What is stratified random sampling?
Stratified random sampling is a sampling method that divides a population into smaller subgroups called strata. In stratified random sampling, or stratification, strata are formed based on common attributes or characteristics of members, such as: B. Income or level of education. Stratified random sampling has numerous applications and benefits, such as: B. the study of population demography andLife expectancy.
Stratified random sampling is also known as proportional sampling or quota sampling.
The central theses
- Stratified random sampling allows researchers to obtain a sample population that best represents the entire population studied.
- Sampling is a statistical inference made using a subset of a population.
- In stratified random sampling, the entire population is divided into homogeneous groups, called strata.
- Proportional stratified random sampling draws samples from groups stratified with respect to the population. With disproportionate sampling, the strata are not proportional to the occurrence of the population.
- Stratified random sampling differs from simple random sampling, which involves the random selection of data from an entire population so that each possible sample occurs with the same probability.
Stratified random sample
This is how stratified random sampling works
When conducting analysis or research on a group of entities with similar characteristics, a researcher may discover that thepopulationit is too big to complete the investigation about it. To save time and money, an analyst can take a more practical approach by selecting a small group of the population. The small group is denoted as asample size, which is a subset of the population that is used to represent the entire population. A sample can be selected from a population in several ways, one of which is the stratified random sampling method.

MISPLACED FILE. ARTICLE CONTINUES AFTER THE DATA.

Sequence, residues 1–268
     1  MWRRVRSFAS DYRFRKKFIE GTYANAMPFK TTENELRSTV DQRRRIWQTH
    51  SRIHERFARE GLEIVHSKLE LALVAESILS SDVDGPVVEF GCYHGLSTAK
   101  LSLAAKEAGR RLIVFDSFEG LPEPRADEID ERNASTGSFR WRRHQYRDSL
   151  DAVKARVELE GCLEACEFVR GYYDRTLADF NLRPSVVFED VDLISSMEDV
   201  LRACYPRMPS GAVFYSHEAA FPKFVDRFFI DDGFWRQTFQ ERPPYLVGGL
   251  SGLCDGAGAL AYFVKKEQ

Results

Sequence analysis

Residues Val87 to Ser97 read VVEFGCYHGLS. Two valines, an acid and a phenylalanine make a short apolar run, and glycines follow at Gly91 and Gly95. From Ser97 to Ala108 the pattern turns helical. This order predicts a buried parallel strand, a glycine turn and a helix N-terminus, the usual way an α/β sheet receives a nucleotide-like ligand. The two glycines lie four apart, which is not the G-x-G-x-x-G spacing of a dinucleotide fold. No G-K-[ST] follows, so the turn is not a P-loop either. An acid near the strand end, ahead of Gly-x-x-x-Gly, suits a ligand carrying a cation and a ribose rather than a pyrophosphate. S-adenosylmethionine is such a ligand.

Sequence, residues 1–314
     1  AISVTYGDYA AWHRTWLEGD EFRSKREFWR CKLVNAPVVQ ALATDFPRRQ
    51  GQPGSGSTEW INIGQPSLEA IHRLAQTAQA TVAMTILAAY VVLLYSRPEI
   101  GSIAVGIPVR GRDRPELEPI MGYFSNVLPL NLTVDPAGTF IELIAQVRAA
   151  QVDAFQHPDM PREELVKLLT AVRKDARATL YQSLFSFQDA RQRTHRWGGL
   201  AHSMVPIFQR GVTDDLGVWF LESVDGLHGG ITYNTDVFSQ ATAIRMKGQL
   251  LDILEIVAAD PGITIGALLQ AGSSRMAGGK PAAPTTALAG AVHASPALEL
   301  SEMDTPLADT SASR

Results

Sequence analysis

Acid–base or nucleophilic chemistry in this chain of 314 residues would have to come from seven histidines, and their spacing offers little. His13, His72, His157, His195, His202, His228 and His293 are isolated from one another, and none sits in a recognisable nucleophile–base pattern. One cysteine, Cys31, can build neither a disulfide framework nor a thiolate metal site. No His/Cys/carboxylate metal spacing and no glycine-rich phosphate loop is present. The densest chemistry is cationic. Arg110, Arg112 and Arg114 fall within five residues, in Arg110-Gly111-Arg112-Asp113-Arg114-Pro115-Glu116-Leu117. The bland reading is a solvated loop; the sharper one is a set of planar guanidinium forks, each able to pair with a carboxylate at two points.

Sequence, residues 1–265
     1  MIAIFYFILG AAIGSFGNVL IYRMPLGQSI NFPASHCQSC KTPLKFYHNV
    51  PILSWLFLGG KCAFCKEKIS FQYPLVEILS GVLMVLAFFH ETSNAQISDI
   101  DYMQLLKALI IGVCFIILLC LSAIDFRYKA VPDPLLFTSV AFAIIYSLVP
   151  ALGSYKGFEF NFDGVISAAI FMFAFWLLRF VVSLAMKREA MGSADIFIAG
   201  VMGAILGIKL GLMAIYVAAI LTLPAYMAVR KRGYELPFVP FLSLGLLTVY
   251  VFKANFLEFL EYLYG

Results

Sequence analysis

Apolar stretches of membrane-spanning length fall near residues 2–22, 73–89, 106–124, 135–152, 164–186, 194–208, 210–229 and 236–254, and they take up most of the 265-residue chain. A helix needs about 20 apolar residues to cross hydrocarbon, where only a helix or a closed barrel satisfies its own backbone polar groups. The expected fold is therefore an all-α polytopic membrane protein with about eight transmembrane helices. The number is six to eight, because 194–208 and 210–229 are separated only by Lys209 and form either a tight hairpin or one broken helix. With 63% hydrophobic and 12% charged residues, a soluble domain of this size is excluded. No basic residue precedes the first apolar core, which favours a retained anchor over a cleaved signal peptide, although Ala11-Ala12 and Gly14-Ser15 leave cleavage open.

Stratified random sampling divides the entire population into homogeneous groups called strata (plural of stratum). Random samples are then taken from each layer.For example, imagine an academic researcher who wants to know how many MBA students were offered a job in 2021 within three months of graduation.
The researcher will soon discover that there were about 200,000 MBA graduates that year. He may decide to take a random sample of 50,000 graduates and conduct a survey. Even better, they could classify the population into strata and draw a random sample from the strata. To do this, they would create population groups based on gender, age group, race, country of nationality, and work experience. A random sample is drawn from each stratum in a number proportional to the size of the stratum in relation to the population. These strata subsets are then combined into a random sample.